Most people don't spend much time thinking about the North American Industry Classification System (NAICS), which the U.S. Census Department uses to collect and organize data for all U.S.-based businesses. As you will learn in this issue's 2011 Market Planning Guide (page 17), the U.S. Census Department uses an extraordinarily broad definition of an electrical distributor in “NAICS 423610 — Electrical Apparatus and Equipment, Wiring Supplies, and Related Equipment Merchant Wholesalers.”

NAICS 423610 is confusing because it includes not only the full-line “pipe-and-wire” distributors that sell most electrical products, but also niche distributors of security systems, batteries and some other products outside the electrical mainstream. By including these distributors in its count, the Census Department says “merchant wholesalers,” of electrical supplies (not counting manufacturers' sales branches and offices) operated 13,277 locations and sold approximately $94.2 billion worth of electrical supplies in 2007. This figure is $4.5 billion more than the $89.7 billion EW estimates to be the industry's 2007 sales volume.

In the world of statistical sales forecasts, that's reasonably close. While Electrical Wholesaling and the Census Department may be sitting in the same ballpark with sales estimates, we aren't even in the same county with our counts of distributor locations. EW's editors believe 3,500 to 4,000 distributors of electrical supplies (full-liners and product specialists) are operating 7,500 to 8,000 locations — at least 40 percent fewer branches than the Census Department's estimate.

Why the huge difference? As always, the devil is in the details, and in this case I believe it's in the definition of an electrical distributor. The National Association of Electrical Distributors (NAED), St. Louis, has approximately 475 to 500 members that operate a combined total of 4,400 locations. Many of these companies are members of either Affiliated Distributors (A-D), Wayne, Pa., or IMARK Group, Bowie, Md., the industry's two largest buying groups. A-D and IMARK (including Equity Electrical Associates) together have at least 1,100 member companies running more than 3,100 locations.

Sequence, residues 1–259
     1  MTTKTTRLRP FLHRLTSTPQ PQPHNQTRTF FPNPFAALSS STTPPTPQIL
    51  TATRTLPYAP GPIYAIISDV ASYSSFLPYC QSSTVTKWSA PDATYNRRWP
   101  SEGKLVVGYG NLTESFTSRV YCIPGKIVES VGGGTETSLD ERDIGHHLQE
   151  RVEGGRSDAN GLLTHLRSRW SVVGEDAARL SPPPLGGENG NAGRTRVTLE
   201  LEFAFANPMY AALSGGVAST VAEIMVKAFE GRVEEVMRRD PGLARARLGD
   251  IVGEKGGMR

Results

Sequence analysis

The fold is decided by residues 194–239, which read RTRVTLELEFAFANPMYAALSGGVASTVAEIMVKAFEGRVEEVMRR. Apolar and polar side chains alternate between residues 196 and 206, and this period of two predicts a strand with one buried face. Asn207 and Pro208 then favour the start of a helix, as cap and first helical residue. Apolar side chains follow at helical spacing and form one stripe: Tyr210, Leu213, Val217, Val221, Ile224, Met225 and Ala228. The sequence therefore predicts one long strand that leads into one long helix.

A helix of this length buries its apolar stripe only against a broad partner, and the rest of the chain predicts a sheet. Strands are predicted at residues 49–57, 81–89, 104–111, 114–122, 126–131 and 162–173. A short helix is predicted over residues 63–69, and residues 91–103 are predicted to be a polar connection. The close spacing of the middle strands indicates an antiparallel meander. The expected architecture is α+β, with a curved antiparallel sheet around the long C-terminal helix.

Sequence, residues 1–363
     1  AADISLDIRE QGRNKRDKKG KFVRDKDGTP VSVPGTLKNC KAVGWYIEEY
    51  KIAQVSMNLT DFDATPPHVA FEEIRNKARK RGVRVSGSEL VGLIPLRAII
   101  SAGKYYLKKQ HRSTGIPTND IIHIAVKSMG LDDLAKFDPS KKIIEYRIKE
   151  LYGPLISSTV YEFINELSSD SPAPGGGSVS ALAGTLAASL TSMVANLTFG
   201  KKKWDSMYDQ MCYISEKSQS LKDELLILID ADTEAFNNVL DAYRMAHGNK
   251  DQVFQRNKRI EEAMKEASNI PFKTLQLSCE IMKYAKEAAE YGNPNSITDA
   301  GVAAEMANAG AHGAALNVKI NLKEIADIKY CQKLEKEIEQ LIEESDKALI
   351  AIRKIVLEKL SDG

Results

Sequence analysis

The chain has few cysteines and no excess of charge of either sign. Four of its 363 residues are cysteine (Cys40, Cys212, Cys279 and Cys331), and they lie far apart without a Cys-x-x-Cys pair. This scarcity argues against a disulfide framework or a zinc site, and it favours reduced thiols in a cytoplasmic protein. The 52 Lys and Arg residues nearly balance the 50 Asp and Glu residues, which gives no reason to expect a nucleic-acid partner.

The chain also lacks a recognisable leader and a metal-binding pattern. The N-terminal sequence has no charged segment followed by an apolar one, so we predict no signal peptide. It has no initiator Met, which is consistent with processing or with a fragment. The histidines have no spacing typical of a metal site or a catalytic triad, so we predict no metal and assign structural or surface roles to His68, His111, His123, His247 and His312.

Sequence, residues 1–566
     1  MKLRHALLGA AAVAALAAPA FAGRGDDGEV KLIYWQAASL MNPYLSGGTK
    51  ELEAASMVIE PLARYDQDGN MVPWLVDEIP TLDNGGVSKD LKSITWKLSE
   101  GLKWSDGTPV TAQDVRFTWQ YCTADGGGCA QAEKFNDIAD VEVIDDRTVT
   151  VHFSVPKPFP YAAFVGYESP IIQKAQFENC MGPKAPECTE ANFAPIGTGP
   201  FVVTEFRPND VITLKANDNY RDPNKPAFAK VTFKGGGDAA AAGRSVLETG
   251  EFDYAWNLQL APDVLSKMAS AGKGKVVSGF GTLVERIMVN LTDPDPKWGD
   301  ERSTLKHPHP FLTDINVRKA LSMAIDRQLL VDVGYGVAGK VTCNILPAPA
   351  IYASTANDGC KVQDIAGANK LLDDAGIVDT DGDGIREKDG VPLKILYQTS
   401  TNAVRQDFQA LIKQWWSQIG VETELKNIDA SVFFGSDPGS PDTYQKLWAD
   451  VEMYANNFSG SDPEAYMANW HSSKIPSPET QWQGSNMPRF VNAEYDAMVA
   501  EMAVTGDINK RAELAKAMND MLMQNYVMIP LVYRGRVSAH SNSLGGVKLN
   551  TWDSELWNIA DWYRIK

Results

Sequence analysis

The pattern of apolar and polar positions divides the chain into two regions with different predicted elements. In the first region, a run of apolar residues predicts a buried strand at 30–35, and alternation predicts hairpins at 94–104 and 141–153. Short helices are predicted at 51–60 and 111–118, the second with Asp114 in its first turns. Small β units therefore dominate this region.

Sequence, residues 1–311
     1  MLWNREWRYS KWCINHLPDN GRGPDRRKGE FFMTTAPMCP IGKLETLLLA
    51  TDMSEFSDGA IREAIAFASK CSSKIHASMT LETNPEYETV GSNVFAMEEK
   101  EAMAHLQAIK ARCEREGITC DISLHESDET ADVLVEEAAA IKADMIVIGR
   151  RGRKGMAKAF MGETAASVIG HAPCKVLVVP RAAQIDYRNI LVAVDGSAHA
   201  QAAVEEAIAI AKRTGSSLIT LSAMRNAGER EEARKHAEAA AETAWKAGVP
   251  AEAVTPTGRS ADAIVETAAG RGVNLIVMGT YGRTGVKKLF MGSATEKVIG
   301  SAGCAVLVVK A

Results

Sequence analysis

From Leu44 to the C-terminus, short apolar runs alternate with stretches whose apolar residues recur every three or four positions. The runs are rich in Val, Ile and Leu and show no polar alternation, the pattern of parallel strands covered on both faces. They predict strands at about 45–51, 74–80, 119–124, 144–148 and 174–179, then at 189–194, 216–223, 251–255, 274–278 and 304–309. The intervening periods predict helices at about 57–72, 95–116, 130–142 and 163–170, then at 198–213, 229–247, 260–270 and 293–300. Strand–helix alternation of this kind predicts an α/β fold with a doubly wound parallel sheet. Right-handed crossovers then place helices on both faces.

Many of these companies are on EW's Top 200 list, which accounts for 5,458 locations. If you add up all of the companies in NAED, all the companies on EW's Top 200 list, and all the members of either A-D or IMARK and then eliminate the duplications, those companies probably run about 6,000 branches. For argument's sake, let's add 1,000 additional branches run by “unaffiliated” smaller full-line distributors who aren't members of any of these groups, probably do less than $10 million in annual sales and operate no more than two or three branches. This brings us up to an electrical universe of full-line distributors with 7,000 locations.

Now let's look at product specialists, which I believe account for a big chunk of the discrepancy between EW's estimates and the Census figures. The best-known niches are lighting equipment, wire and cable, residential VDV, industrial automation, and utility products. These specialty distributors combined probably run less than 1,000 branches, bringing our estimate up to 8,000 locations.

Two other types of specialty distributors included in the Census figures but generally not considered to be part of the electrical mainstream may bring us a little closer to that 13,277 figure — distributors of motors and security products. Whether you agree or disagree that these companies are distributors of electrical supplies, the Census Department counts them as such and they have lots of locations.

Well over a thousand motor repair shops sell motors and related supplies, according to the Electrical Apparatus Service Association (EASA), St. Louis. And according to Security Systems & Integration magazine, the 10 largest distributors of security systems did a combined total of $8.2 billion through 1,010 locations in 2009. The largest security distributor, ADT Security Systems Inc., Boca Raton, Fla., accounted for just over half of total sales, with $4.2 billion in 2009 revenues through 240 branches.

Adding the estimated 2,000-plus branch locations of motor and security distributors brings our estimate up to around 10,000 branches, but that still leaves us more than 3,000 locations short of the 13,277 branches the U.S. Census Bureau reports. In the coming months, EW's editors will be attempting to reconcile this figure with our own distributor count.